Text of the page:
• Re:Devils advocate (Score:1, Informative)

    by Anonymous Coward on Thursday July 10, 2003 @05:34PM (#6409983)
    could it be that you are partly trolling:
    - antiquated install: maybe true on debian or slack. Certainly not on a distro like Mandrake. Hell, have you ever installed windows and Mandrake next to eachother? There is no way you are going to repeat this statement if you do.

    - weak package management: what's weak? For debian and Mandrake it is certainly very powerful. Dependencies are automatically solved, just search what you need and it will install. You do not even have to know what a package is. What exactly is weak here?

    - uninstall? Generally on windows you'll be stuck with numerous registry shit after removing some apps. Sometimes even DLLs all over the place. The whole thing doesn't look very standard to me, seems like every app has it's own uninstall tool. On mandrake its just "Remove packages" in 1 clean interface. And it will remove whatever you want.

    - libary system? a normal user you just do not have to mess with it. I think, if the distro did it's thing correctly, it will just work. And i think it can be debated wheter it is worse/better than alternatives....

    -GUI old? where have you been living? And what is "old"? Stuffy toolbar? That's no argument...Complex? Don't know..Gnome 2.2 looks overly simplified to me. I prefer KDE, more choices, that's my thing. Standard? Well, just use what you like, and stick with it. I hardly ever use a gnome app, but if I do, the theme fits nicely with KDE, and I do not even notice.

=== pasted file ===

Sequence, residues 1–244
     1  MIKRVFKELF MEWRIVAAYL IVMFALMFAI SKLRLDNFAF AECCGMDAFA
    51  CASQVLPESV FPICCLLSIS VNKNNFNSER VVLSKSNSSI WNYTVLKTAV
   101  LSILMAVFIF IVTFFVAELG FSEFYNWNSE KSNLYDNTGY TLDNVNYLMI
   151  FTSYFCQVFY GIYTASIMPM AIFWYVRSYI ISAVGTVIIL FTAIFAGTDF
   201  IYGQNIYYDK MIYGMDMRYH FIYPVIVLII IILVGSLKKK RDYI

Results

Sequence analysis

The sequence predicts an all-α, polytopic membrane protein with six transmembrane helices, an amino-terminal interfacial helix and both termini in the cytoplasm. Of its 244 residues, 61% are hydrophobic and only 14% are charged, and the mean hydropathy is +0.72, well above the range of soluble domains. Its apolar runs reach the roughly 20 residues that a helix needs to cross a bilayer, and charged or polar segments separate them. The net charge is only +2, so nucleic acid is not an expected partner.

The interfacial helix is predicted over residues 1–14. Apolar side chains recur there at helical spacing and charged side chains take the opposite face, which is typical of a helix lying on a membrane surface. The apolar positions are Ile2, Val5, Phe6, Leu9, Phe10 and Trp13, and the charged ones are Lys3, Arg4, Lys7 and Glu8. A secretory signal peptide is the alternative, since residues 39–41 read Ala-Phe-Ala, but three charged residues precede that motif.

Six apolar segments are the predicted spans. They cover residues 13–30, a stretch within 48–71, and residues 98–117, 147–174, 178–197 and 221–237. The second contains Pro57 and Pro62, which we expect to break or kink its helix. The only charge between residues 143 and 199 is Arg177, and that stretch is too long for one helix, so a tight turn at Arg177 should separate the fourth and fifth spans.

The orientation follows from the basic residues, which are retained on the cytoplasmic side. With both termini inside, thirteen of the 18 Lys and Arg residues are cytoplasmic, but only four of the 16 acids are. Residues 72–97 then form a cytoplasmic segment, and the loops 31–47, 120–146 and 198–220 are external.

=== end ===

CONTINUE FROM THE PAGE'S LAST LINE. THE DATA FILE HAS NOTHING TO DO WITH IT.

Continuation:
-Commercials treated like dirt? Well...any proof of this? Seems some companies are perfectly happy with providing their stuff for linux. Although I have to say that in the case of hw drivers, I think they should be open, but then, hardware companies are not selling their software anyways.

    Do not get my wrong, I think things need to get even better, but 90% of your arguments are shit. My Mom can run Linux, so your's can do it as well (but IMHO RH9 is shit).

  • by Sunnan ( 466558 ) <> on Thursday July 10, 2003 @06:40PM (#6410587) Homepage Journal
    Chandler (the program from OSA foundation) is named after Raymond Chandler [].
  • Re:Commodification? (Score:4, Informative)

    by pair-a-noyd ( 594371 ) on Thursday July 10, 2003 @06:42PM (#6410602)
    Dictionary Nazi says, ary&va=commodification []
    One entry found for commodify.

    Main Entry: commodify
    Pronunciation: k&-'mä-d&-"fI
    Function: transitive verb
    Inflected Form(s): -fied; -fying
    Date: 1982
    : to turn (as an intrinsic value or a work of art) into a commodity
    - commodification /-"mä-d&-f&-'kA-sh&n/ noun
  • by smartin ( 942 ) on Thursday July 10, 2003 @06:55PM (#6410699)
    It sure would kill outlook in my life. I have a machine sitting under my desk running w2k that i use for exactly one thing, running outlook. Why? because our company runs their exchange server in monopoly mode. If i could get at my email from my linux box, i'd wipe win2k off that puppy and find something useful for it to do.